A photo of Hillary Clinton and George W. Bush smiling in embrace recently surfaced at former first lady Nancy Reagan’s funeral. The image gives light to the intimate relationship between the Bush and Clinton families—particularly that of Hillary and George W.
In the most recent Democratic town hall on MSNBC, Ms. Clinton told Chris Matthews her vote for the Iraq War—a manifestation of the Bush administration—was born from her agreement with George W. Bush to secure $20 billion toward rebuilding New York City after 9/11.
“I’m sitting there in the Oval Office, and Bush says to me, ‘What do you need?’ And I said, ‘I need $20 billion to rebuild, you know, New York,’ and he said, ‘You got it.’ And he was good to his word,” Ms. Clinton said. “Literally, that same day, I get back to the Capitol, and the Republicans are trying to take that money away. We kept calling the White House, Bush kept saying, ‘I gave them my word, I’m going to stick with it.’ So, you know, I had a different set of experiences.”
Ms. Clinton’s response was a tangent in defense of her vote for the Iraq War, which Senator Bernie Sanders—who voted against the war—often cites to highlight her poor judgment in foreign policy affairs.
‘As these cases illustrate, family connections can partly substitute for campaign skills, allowing candidates with insider status to get by with less raw talent.’
Despite the Bush family being Republican and the Clinton family being Democrats—especially as the polarity between parties is arguably broader than it ever has been in the past few decades—the two political dynasties have maintained a surprisingly close relationship. In a 2014, George W. Bush called Bill Clinton his “brother from another mother” on Instagram, in response to a tweet from Mr. Clinton about Mr. Bush’s latest book. That same year, in an interview with Real Clear Politics, Mr. Bush said of Mr. Clinton, “He’s got a good spirit about him. We’re the only baby-boomer presidents. We were both Southern governors, and we both like each other. He’s fun to be around. I hope he would say I’m fun to be around. And we’re both grandfathers.” In a separate interview with CNN, Mr. Bush described Ms. Clinton as his “sister-in-law.”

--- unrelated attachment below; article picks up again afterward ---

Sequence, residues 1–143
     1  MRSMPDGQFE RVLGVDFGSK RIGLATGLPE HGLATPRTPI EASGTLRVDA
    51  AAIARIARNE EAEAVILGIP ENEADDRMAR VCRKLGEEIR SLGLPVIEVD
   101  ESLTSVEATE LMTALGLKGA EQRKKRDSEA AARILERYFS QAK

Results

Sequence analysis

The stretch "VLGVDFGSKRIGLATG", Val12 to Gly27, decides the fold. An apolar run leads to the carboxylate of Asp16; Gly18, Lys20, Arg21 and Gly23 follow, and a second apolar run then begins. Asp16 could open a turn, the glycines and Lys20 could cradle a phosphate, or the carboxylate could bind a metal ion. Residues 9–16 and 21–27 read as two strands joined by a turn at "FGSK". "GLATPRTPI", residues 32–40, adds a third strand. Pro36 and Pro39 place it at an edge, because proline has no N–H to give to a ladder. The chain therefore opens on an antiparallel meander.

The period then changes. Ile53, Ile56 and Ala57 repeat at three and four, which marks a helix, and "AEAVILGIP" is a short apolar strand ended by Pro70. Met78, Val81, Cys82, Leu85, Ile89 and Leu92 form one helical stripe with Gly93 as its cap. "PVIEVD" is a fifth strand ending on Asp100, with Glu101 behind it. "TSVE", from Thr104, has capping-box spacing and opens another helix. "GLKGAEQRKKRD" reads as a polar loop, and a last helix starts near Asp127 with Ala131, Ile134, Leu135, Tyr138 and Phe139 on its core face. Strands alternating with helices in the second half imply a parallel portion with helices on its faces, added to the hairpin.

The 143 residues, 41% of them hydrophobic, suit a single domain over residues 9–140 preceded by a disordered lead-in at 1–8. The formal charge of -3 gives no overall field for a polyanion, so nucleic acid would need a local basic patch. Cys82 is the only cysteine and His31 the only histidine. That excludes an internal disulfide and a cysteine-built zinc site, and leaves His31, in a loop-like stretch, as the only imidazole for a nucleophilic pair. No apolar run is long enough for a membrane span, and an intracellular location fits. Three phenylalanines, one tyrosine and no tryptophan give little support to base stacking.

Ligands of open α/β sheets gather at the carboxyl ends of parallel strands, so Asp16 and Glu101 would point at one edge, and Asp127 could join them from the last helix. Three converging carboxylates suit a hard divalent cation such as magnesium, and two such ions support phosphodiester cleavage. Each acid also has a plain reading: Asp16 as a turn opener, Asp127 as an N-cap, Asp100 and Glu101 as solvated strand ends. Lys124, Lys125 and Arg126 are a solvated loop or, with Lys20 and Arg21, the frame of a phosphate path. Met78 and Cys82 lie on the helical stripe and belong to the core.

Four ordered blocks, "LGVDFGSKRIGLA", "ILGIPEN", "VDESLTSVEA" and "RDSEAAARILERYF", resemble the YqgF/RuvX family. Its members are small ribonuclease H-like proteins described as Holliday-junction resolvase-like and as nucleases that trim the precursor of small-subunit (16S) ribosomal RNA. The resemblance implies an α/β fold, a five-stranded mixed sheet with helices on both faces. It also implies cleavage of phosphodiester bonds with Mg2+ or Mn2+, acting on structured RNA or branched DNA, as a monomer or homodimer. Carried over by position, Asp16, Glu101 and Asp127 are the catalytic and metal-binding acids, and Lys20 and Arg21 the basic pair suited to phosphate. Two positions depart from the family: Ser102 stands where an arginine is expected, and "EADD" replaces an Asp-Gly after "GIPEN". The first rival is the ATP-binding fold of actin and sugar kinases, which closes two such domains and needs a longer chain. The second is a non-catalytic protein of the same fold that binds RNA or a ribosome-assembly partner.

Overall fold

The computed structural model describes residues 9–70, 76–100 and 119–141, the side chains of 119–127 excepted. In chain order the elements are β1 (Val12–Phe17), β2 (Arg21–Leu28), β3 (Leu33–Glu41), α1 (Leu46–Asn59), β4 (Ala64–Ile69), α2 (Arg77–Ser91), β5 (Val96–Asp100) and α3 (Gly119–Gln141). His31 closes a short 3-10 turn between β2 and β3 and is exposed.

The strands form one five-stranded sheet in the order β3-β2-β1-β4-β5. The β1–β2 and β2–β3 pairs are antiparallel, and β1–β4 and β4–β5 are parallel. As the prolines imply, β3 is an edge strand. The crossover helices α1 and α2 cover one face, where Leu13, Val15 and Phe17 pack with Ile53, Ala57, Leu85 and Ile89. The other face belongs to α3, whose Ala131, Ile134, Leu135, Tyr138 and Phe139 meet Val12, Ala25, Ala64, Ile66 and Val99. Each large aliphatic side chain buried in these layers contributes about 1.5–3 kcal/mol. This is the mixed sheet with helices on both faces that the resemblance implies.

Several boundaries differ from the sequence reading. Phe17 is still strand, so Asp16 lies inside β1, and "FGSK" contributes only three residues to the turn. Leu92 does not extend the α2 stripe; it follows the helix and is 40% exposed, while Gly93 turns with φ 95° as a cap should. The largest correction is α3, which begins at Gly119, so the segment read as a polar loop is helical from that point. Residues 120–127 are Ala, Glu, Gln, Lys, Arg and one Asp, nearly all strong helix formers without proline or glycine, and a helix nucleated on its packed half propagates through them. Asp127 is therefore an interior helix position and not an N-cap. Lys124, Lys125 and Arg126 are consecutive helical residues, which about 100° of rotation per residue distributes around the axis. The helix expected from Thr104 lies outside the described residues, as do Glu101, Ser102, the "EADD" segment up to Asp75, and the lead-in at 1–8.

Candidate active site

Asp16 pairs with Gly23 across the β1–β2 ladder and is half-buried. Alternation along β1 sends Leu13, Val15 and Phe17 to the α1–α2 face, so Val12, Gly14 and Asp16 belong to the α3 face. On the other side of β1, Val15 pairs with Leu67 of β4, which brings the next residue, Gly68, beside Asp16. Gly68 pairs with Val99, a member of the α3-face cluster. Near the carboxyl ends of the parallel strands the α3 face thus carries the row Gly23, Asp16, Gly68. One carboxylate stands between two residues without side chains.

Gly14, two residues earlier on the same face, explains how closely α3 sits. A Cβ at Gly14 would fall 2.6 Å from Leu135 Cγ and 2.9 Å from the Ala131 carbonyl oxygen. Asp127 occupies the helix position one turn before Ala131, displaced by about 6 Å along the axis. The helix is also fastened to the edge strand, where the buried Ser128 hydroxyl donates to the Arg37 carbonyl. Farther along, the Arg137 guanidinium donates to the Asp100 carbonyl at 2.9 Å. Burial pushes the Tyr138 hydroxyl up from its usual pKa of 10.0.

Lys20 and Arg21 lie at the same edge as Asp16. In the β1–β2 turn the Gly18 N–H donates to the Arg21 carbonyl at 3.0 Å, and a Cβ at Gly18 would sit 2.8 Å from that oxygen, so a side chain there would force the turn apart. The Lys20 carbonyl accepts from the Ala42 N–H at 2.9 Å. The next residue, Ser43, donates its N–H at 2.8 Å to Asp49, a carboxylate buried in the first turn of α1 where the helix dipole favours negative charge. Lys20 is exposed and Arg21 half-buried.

The 2016 presidential election marked the possibility of having another Clinton or Bush as President. Although Jeb Bush never gained ground in an overloaded field of Republican presidential candidates and an unprecedented voter embrace of the anti-establishment, Ms. Clinton’s aspirations for the White House remain intact as the Democratic National Committee and the Democratic Party rallied around her as their nominee before anyone else had a say.
Since the 18th century revolutions have been fueled by the abuse and corruption rampant in monarchies and family dynasties. When democracy took place, the people were heard and represented. The Bush and Clinton families have since circumvented what democracy, in theory, is supposed to accomplish: Although they were elected, their rise to power was ensured by the influence of George H. W. Bush and Bill Clinton. Each presidency built the foundation for another Bush and another Clinton to reach the White House.
Their closeness exhibits the façade and pseudo-dramas both political parties engage. Aside from a few differences in opinion on certain issues, both the Bush and Clinton families share moderate political stances, especially when it comes to foreign policy.
Hillary Clinton and Jeb Bush also shared many of the same wealthy donors—more than 60 of whom contributed to both campaigns, according to The Daily Beast. Given Ms. Clinton’s lead in the Democratic Primaries, she may revert back to her friendship with the Bush family and embrace past stances that are more in line with moderate liberalism and conservatism.
“If they came from different families, would either have been their party’s leading presidential candidate? Would they even have run for office?” asked Brendan Nyhan in a February 2016 New York Times article discussing the downsides of political dynasties. “As these cases illustrate, family connections can partly substitute for campaign skills, allowing candidates with insider status to get by with less raw talent.”